Global Data Science Forum

Visualize Data Fast | Watson Studio

By JORGE CASTANON posted Wed March 20, 2019 01:32 PM

Originally posted on medium here.

Step by step instructions on this github repo.

As some readers know, Nest makes its intelligent thermostats more attractive to American consumers by offering rebates for the devices, but you might not know that the rebates for the thermostats vary based on zip codes. This blog investigates which US regions have higher or lower rebates and shows the results visually. For this analysis, I used IBM’s Watson Studio, which makes interacting visually with the data easy and fast.

Data Distributions

Let’s start with data distributions, which will give us an overview of all the possible values, as well as how often they occur. In visual terms, that means drawing a histogram of the thermostat rebates. For simplicity, we can use a uniform sample of 1k rows taken from a larger data set.

The Data Refinery tool in Watson Studio lets you draw histograms of your columns easily, as well as many other charts that may involve more than one column at a time (scatter plots, time series, to mention a couple).

Distribution of Nest Thermostats Rebates (USD)

Note that just over half of the thermostat rebates come in between $100 and $120. I noticed that only a handful of zip codes have rebates over $140 or under $60, which piqued my interest. I decided to plot the regions receiving the lowest and the highest rebates on a single map. Thankfully, the data already included longitude and latitude information, so once I assigned a color spectrum from lowest (blue) to highest (red), I could lay the data onto a map of the States:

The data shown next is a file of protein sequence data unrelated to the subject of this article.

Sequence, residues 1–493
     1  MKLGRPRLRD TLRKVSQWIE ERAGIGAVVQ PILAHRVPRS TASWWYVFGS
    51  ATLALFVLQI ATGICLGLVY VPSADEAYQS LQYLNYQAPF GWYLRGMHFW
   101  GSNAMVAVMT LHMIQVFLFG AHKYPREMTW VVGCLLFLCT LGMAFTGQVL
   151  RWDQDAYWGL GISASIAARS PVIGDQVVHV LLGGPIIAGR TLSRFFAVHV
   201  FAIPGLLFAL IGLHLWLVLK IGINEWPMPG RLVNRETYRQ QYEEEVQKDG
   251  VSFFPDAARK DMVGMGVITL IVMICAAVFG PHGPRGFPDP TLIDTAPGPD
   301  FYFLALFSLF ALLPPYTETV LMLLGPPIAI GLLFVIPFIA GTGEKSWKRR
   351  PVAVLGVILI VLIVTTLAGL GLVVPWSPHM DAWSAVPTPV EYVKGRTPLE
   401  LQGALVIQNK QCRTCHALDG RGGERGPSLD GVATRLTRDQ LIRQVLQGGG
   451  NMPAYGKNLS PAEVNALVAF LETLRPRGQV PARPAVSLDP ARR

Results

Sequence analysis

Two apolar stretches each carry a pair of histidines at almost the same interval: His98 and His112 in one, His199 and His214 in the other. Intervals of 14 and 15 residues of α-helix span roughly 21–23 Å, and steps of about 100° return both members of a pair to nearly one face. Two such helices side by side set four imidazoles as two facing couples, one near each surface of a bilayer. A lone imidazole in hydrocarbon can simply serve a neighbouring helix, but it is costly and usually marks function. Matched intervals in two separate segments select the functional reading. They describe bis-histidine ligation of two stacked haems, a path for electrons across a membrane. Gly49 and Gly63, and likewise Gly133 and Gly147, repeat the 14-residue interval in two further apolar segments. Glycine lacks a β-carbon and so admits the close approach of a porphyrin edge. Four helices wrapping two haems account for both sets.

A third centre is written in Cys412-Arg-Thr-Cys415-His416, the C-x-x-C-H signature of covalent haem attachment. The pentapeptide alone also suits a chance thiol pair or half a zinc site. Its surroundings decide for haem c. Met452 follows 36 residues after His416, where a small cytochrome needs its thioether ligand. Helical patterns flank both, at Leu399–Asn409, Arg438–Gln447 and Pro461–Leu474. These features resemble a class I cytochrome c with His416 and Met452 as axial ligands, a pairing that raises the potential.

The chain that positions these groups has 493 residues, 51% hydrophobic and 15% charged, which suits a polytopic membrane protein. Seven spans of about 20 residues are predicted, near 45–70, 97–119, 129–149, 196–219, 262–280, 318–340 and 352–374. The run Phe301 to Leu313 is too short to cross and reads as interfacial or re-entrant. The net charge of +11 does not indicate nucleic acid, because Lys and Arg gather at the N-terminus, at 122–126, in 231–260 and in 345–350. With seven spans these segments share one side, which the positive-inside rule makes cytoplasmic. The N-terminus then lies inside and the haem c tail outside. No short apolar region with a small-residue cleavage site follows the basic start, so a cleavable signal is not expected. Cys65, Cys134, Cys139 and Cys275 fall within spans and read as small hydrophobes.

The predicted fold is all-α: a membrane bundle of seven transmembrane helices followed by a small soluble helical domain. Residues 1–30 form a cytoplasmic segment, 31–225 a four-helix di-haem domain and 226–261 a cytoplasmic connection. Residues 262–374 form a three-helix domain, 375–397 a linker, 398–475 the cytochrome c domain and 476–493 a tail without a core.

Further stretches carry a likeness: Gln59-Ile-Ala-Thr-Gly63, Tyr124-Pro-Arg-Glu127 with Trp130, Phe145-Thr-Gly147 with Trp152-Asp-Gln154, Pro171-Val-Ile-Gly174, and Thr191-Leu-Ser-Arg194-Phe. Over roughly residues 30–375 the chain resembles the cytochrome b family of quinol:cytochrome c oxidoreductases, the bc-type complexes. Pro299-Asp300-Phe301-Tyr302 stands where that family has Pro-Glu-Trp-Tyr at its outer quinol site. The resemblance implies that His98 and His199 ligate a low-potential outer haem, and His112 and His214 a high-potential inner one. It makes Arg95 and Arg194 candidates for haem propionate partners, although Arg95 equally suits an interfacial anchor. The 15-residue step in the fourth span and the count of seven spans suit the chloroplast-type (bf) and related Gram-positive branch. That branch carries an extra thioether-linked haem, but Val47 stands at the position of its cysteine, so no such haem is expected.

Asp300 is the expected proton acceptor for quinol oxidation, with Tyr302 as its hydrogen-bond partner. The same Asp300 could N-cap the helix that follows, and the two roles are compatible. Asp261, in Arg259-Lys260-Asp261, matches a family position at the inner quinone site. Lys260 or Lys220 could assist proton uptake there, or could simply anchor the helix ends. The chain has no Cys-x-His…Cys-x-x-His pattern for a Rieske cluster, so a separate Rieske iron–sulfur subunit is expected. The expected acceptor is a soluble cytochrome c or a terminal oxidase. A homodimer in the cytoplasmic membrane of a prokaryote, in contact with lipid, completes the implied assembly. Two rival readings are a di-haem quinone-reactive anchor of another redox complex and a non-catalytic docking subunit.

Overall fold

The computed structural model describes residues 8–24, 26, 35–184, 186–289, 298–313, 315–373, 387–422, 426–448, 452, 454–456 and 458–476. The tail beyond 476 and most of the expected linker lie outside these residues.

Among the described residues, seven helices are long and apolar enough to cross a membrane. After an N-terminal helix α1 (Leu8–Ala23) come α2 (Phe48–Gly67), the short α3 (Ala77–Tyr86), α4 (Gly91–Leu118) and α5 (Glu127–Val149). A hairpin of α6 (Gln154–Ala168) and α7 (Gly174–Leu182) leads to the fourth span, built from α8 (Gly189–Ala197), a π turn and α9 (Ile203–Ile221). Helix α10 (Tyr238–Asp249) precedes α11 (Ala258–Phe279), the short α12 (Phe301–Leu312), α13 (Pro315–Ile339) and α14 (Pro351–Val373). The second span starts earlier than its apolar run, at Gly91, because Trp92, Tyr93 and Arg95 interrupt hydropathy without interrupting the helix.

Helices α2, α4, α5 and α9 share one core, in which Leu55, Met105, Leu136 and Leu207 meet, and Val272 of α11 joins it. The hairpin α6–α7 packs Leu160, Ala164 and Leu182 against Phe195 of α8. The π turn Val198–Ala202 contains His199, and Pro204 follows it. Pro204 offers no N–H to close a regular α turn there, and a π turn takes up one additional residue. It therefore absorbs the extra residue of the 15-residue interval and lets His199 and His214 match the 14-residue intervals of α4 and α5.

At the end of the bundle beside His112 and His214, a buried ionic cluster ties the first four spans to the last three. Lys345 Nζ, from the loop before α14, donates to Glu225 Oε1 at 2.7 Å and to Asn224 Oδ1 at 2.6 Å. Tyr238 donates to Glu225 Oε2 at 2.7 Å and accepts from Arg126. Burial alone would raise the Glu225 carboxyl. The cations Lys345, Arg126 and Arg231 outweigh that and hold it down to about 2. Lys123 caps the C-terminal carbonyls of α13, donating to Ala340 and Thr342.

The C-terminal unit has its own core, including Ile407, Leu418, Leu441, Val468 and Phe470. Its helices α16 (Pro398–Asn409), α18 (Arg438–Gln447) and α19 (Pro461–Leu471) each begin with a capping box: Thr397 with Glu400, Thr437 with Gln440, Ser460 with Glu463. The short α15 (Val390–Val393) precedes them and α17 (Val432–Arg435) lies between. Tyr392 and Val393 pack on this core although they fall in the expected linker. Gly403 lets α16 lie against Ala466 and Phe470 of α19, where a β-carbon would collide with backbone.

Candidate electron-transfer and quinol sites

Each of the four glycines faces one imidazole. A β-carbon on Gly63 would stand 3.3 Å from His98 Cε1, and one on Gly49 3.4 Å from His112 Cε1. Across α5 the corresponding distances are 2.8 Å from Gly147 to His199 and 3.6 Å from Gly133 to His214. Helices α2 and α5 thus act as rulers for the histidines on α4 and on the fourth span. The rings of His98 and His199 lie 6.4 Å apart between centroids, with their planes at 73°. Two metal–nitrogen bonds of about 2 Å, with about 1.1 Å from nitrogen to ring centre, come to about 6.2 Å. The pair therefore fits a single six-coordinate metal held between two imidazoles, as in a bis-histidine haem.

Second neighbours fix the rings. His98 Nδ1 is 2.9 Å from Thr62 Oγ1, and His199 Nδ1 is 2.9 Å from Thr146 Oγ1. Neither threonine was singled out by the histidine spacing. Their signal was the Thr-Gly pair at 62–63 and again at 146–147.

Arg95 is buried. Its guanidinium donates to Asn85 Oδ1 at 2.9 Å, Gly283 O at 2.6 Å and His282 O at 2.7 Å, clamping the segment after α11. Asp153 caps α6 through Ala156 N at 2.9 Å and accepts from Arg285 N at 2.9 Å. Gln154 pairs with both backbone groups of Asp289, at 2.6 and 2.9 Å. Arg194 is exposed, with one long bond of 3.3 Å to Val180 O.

I noticed that North California’s rebates were lower than most of the other regions in the US. I also noticed that most of the largest rebates were in Texas. Honestly, I’m still not sure why that is. If you have guesses, certainly let me know.

The Data Refinery tool in Watson Studio have maps that you can use to lay down longitude/latitude data, and it let you configure the color spectrum easily with any of the columns of your data set.

Correlations with Demographic Features

To take a deeper look at the thermostat rebate distributions, I did a join by zip code to bring in additional demographic features like median and mean household income, as well as population size. None of these zip code demographic characteristics appeared to correlate in a linear way with the Nest rebates. The only strong correlation is between mean and median household income, which is not surprising.

Correlation Plots Created with Data Refinery.

More Charts to Explore

Besides histograms and maps, the Data Refinery tool in Watson Studio offers a wide selection of visualizations, including t-SNE for visualizing high dimensional data:

Chart Options in Data Refinery (part of Watson Studio)

Step by step instructions on this github repo.

Jorge Castañón, Ph.D.
Senior Data Scientist @ Machine Learning Hub
Twitter: @castanan